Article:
Neville authorizes their removal to the Moore River Native
Settlement 1,200 miles away. But when his deputy, Constable
Riggs (Jason Clarke), drives to Jigalog to pick them up, he
must overcome the resistance of the girls' mothers from whose
arms they are forcibly wrested. The Moore Settlement resembles
a spartan rural orphanage with dormitory housing and strict
regimentation. When children try to escape, they are retrieved
by Moodoo (David Gulpilil), an experienced black tracker, and
punished with solitary confinement.
For Molly, who bridles at the daily humiliation, the final
straw comes when the girls are told they have no mothers. One
day while the other children are in church, she coaxes Daisy
and Gracie to flee with her into the woods. The bulk of the
movie follows them on a three-month trek through forest, field
and desert, during much of which they use the rabbit-proof
fence to guide them home. As the news of their remarkable
elusiveness reaches Jigalog, Molly and Daisy's mother, Maude
(Ningali Lawford), and their grandmother, Frinda (Myarn
Lawford), hold a vigil in which they chant and send signals by
tapping on the fence.
If ''Rabbit-Proof Fence,'' which opens today in Manhattan
and Los Angeles, has the upbeat tone and deliberate pace of a
ballad, Molly is its radiant folk heroine. Profoundly
intuitive, indomitably courageous, endowed with superhuman
resilience, she is the stuff of legend. And as played by Ms.
Sampi, she emits a steady glow even in moments of desperation.
The story could easily have been treated as a brutally
suspenseful manhunt in which the girls survive any number of
narrow escapes from their pursuers. But in Mr. Noyce's hands
their journey is touched with enchantment, and the movie
becomes a paean to the beauty of the Australian countryside
and the decency of most of the common people who aid the
Under Molly's resourceful guidance, the girls are able to
find enough food and water to keep them going. If their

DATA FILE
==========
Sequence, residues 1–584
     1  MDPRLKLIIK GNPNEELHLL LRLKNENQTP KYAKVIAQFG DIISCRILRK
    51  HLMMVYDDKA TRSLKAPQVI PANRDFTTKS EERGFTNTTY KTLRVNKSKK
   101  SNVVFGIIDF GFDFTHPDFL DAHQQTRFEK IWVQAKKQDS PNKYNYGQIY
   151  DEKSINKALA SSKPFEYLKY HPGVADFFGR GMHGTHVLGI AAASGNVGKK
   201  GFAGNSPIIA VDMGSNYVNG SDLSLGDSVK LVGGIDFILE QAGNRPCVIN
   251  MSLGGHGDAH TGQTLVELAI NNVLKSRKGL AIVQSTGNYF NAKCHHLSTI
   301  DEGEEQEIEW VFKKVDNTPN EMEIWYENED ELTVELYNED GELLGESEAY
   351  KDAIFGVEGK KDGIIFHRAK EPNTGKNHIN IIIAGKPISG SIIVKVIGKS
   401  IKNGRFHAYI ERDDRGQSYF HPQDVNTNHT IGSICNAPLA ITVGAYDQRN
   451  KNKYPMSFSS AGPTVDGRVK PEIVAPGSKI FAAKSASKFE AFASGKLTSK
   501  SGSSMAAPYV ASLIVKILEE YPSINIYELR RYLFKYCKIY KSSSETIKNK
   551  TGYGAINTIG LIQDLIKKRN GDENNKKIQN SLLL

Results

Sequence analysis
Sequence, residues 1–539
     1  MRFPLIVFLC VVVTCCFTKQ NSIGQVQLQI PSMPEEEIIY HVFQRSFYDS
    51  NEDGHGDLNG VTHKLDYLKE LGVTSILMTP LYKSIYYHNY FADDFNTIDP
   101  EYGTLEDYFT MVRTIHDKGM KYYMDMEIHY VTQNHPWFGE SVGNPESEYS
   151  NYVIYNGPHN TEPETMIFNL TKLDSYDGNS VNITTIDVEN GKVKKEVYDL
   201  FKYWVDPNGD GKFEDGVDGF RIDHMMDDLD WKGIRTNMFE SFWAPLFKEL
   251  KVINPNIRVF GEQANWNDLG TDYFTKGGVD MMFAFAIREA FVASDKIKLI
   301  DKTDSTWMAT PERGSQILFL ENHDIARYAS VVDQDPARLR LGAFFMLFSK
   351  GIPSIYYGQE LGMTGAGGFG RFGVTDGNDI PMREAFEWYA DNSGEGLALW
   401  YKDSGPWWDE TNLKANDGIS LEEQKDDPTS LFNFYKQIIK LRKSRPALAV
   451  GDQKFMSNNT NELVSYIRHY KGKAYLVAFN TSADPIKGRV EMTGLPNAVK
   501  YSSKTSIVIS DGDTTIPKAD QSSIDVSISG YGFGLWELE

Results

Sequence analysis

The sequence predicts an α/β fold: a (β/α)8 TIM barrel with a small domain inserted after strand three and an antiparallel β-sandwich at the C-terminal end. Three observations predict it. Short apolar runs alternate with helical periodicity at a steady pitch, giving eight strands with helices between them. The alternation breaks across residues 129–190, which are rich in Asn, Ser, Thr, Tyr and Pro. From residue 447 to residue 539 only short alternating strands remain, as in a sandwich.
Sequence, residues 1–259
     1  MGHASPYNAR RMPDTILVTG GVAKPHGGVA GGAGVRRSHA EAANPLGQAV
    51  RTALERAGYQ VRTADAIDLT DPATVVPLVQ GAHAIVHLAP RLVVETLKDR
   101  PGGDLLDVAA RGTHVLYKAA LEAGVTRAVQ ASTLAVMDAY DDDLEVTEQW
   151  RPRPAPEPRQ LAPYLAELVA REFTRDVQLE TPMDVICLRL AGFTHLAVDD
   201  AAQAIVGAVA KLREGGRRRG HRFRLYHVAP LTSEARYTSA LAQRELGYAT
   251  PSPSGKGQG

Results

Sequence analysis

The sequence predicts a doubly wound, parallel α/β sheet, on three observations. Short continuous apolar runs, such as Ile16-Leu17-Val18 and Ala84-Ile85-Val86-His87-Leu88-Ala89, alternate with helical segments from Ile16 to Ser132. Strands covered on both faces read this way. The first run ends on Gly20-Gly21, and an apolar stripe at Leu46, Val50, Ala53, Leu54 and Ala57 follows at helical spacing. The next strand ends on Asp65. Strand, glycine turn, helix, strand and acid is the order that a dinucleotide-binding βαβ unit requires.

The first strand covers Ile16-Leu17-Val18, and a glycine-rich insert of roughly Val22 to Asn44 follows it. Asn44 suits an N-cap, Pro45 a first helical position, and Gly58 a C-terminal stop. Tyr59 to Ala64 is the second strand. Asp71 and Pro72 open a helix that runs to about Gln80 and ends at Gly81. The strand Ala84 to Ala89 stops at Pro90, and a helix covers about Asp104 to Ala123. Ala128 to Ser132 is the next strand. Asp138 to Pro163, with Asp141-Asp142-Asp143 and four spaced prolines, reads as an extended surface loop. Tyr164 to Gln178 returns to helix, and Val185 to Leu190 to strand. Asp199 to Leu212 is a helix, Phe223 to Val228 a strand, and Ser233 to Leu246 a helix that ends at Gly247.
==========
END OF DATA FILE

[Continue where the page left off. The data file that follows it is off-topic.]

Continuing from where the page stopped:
continued well-being seems unreal, that's part of the movie's
myth-making strategy. As the story jumps back and forth
between their journey and the frustrated attempts to capture
them, at moments it almost feels like a jaunty game of hide
But the spic-and-span wholesomeness of ''Rabbit-Proof
Fence'' ultimately makes its sting all the sharper. Its
portrait of people who see themselves as decent,
self-righteously trying to eradicate another culture, has the
impact of a swift, hard slap in the face.
''Rabbit-Proof Fence'' is rated PG (Parental guidance
suggested). Its scenes of kidnapping could upset young
Phillip Noyce; written by Christine Olsen, based on the book
by Doris Pilkington Garimara; director of photography,
Christopher Doyle; edited by John Scott and Veronika Jenet;
music by Peter Gabriel; production designer, Roger Ford;
produced by Mr. Noyce, Ms. Olsen and John Winter; released by
Miramax Films. Running time: 95 minutes. This film is rated
WITH: Everlyn Sampi (Molly), Tianna Sansbury
(Daisy), Laura Monaghan (Gracie), David Gulpilil (Moodoo),
Ningali Lawford (Molly's mother), Myarn Lawford (Molly's
grandmother), Deborah Mailman (Mavis), Jason Clarke (Constable
Riggs) and Kenneth Branagh (Mr. Neville).
Published: 11 - 29 - 2002 , Late Edition - Final , Section
E , Column 5 , Page 8